The Magnificent Seven Conferences

President’s Message

By Jerry Zezima

President

National Society of Newspaper Columnists

Jerry Zezima

Jerry Zezima

Life, goes an old saying, begins at 40. When I passed that milestone, which was easier than passing a kidney stone, I wondered: “Have I just wasted 39 years?”

The answer: “Who the hell knows? But if life begins now, I am going to enjoy it.”

Likewise, the National Society of Newspaper Columnists will celebrate its 40th birthday next year. But this year, in Los Angeles, we will hold our 40th conference. (Don’t ask me to do the math. Just get a calculator. Or ask Ben Pollock.)

As I calculate being the “life begins at 40” of the party, I have been reminiscing about the seven conferences I have attended. (This year, as Ben will confirm, will be my eighth.)

My first conference was in 1987 in Phoenix. People kept telling me it was going to be 110 in the shade. They were wrong: There is no shade in Phoenix. And it wasn’t blisteringly hot. The 110 came into play because that was the approximate speed the cab driver went on my harrowing ride from the airport to the hotel. It’s a good thing I brought a change of underwear. Dave Barry was the keynote speaker, a year before he won the Pulitzer. And I got my first taste of the concept known as “the hospitality suite.” Many tastes, in fact. That’s when I fell in love with the NSNC.

Two years later, my wife, Sue, and I attended the conference in Mystic in our home state of Connecticut. We toured the Nautilus, the world’s first atomic submarine. “What’s this button do?” I remember asking. Everyone froze. Robert Skoglund, a Maine humorist, was the keynote speaker. If we meet next year in Portland, we should have him back. Even though we didn’t have Mystic Pizza, or meet Julia Roberts, the conference was great. That’s when Sue fell in love with the NSNC.

Two years after that, Sue and I went to the conference in Huntington, W.Va. My fondest memory from 1991: a steamboat cruise on the Ohio River. Sue’s fondest memory: drunken karaoke led by Big Bob Hill. Admittedly, both memories are a little cloudy, but we had a fantastic time.

Sue and I didn’t attend another conference until 2006 in Boston. Our older daughter, Katie, and her husband, Dave, both journalists, lived in Beantown at the time. I had nominated Art Buchwald for the Ernie Pyle Lifetime Achievement Award, which he won. Buchwald was too ill to accept it in person, but he did send a very funny (of course) video message with his daughter Jennifer. It was another fabulous conference.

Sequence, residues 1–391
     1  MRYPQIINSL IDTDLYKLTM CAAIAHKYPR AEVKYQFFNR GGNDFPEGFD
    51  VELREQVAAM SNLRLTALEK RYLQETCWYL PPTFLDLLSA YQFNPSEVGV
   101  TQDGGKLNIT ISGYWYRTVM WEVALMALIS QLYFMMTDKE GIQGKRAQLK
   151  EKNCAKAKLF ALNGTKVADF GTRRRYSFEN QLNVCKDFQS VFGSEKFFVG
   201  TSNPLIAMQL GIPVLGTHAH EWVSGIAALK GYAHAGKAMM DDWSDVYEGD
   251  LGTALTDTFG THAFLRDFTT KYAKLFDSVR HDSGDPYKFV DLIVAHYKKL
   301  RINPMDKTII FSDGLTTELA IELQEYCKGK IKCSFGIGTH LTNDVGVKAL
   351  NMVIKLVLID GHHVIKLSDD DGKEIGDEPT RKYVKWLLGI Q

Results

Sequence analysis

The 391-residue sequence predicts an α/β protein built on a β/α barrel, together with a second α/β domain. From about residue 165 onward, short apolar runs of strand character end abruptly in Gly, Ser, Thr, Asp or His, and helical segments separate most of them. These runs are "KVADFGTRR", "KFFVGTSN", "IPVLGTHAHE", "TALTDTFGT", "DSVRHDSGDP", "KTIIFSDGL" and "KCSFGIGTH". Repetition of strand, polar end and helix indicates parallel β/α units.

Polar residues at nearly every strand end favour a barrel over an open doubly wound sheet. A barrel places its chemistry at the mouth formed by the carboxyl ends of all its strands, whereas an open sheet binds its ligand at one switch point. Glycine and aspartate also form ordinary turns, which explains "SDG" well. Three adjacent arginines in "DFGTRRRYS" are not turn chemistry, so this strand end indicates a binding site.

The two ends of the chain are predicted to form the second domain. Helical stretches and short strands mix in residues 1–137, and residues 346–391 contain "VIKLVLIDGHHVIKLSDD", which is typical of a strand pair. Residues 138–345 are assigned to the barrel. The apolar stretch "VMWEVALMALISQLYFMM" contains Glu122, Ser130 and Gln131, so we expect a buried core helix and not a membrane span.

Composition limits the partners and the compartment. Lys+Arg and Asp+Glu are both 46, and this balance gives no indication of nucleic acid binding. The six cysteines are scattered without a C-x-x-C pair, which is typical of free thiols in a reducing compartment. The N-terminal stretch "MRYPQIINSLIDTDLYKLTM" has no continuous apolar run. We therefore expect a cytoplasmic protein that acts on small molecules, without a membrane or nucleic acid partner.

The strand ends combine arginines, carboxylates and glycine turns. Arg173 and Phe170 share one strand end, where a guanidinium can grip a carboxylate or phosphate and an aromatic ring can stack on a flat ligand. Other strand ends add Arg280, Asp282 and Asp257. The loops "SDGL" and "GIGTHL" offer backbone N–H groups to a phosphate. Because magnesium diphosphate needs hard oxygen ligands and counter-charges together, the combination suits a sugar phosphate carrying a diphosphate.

My next conference was in 2013, back in Connecticut, this time in Hartford, where two incredible things happened: (a) I was elected NSNC vice president and (b) we were thrown out of the hospitality suite. The first was flattering, the second was legendary. I couldn’t have been prouder.

The next year, we met in Washington, D.C., where Katie and Dave had moved. Sue, who didn’t make it to Hartford, stayed with them, as did our younger daughter, Lauren, and our granddaughter, Chloe. The highlight (among many) was taking a taxi ride with a cabbie who was on his first day on the job. He didn’t know where he was going. I was his second customer. Fellow scribbler Michelle Freed was his first. Naturally, I got a column out of it. On Saturday night, Katie and Lauren joined me in the hospitality suite. They were duly impressed. The next morning, at the general meeting, possibly due to the lingering effects of beer and other libations, I was elected NSNC president.

Last year, the conference was in Indianapolis. It was one of the best. And it gave birth to another NSNC legend: The Devil With the Blue Dress On.

This year, June 23-26, we will be in L.A., singing (drunken karaoke, remember?) “Hooray for Hollywood.” Please sign up now. It promises to be another fabulous time. Who knows, we might even get thrown out of the hospitality suite.

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Stamford Advocate humor columnist Jerry Zezima is the author of three books. His latest is “Grandfather Knows Best.”

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This piece first was published in the March 2016 issue of The Columnist, the monthly membership newsletter of the National Society of Newspaper Columnists.

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